Mary Frances Dale, right, side stage at the DEV concert, Austin City Limits 2012.
Growing up in Middle Tennessee in a family of horse enthusiasts, I was never far from the track. My parents took me to the Iroquois Steeplechase practically every spring, which is where I first caught the horseracing bug. Like most horse racing fans, my family and I enjoyed the races more when each person had some money riding with a horse. This is a problem in a state that doesn't allow gambling, but like most of our fellow box holders we found a way to enjoy the races properly. We weren't running a "prohibitionesque" enterprise, just each guest putting down a dollar on a horse, winner take all. Somewhere between the excitement of rooting for a horse to the thrill of winning some of my parent’s money, I was hooked. Attending the races at Keeneland with my friends from college proved to be an even better time, and I was officially addicted to the energy and excitement of horse racing.
I grew up taking care of my mom’s three horses on my grandfather’s farm and developed a deep appreciation for these beautiful creatures. I began riding the minute I was old enough to jump on a horse and was soon reading any equestrian books I could find.
Here is Roger, a handsome thoroughbred gelding from my home in Columbia, Tenn.
While in college at Sewanee, I became an Art History and Classical Languages double major (nerdy, I know) and I was happy to find that throughout history I’m not the only one who has been fascinated by horses.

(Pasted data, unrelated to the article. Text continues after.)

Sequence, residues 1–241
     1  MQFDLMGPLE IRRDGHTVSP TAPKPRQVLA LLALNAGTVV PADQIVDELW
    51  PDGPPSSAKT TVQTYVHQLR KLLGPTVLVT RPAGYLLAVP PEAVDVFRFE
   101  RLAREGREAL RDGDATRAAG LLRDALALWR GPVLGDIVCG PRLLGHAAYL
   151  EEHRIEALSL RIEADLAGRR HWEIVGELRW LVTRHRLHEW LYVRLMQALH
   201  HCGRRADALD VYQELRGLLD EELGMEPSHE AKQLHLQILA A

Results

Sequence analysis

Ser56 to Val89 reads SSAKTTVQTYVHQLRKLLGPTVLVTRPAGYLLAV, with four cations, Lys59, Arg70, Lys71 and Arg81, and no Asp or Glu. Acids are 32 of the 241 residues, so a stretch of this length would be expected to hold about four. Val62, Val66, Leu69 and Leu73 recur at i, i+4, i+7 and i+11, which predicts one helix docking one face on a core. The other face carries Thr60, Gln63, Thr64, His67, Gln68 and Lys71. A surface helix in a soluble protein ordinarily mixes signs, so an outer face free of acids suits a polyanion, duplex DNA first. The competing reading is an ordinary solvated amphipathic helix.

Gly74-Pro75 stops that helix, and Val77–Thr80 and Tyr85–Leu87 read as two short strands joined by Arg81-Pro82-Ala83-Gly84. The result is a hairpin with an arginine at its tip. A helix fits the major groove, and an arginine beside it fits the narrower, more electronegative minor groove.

Cave Painting, Lascaux, France. Paleolithic period, roughly 17,300 years old
After graduating from Sewanee in May of 2012, I began working for an independent record label in Austin, Texas. As marketing intern for the label, I managed the social media and promotion of five artists, including the Grammy-award winning Los Lonely Boys and soon became an avid tweeter, blogger, pinner, and Wikipedia aficionado. While promoting British folk-rock group, The Dunwells, on their US summer tour, I was able to travel around the country, from the Rocky Mountain Folk Festival in Lyons, Colorado, to the Americana Festival in Nashville, Tennessee and soon I was as addicted to the energy and vibrancy of music festivals as I was to large-scale thoroughbred racing events.
With my friend Rachel, hanging backstage at Austin City Limits with The Dunwells and Kevin Wommack, owner of Playing In Traffic Records
While attending Austin City Limits and getting to hang backstage with my artist pass (yeah, it was awesome) I couldn’t help but feel that horse racing could also channel the energy of a music festival into their own sport without losing their distinct vibe. I want to show the same people who are fighting for tickets to music festivals like ACL or Coachella that thoroughbred racing is cool, and arguably a lot “cooler” since it requires very little interaction with sweaty mosh pits.
I’m proud to be a brand ambassador for America’s Best Racing and thrilled to work in the thoroughbred horse racing industry. I feel like the best is yet to come for the sport of kings.
With the legendary A.P. Indy, sire of sires, at Lane’s End Farm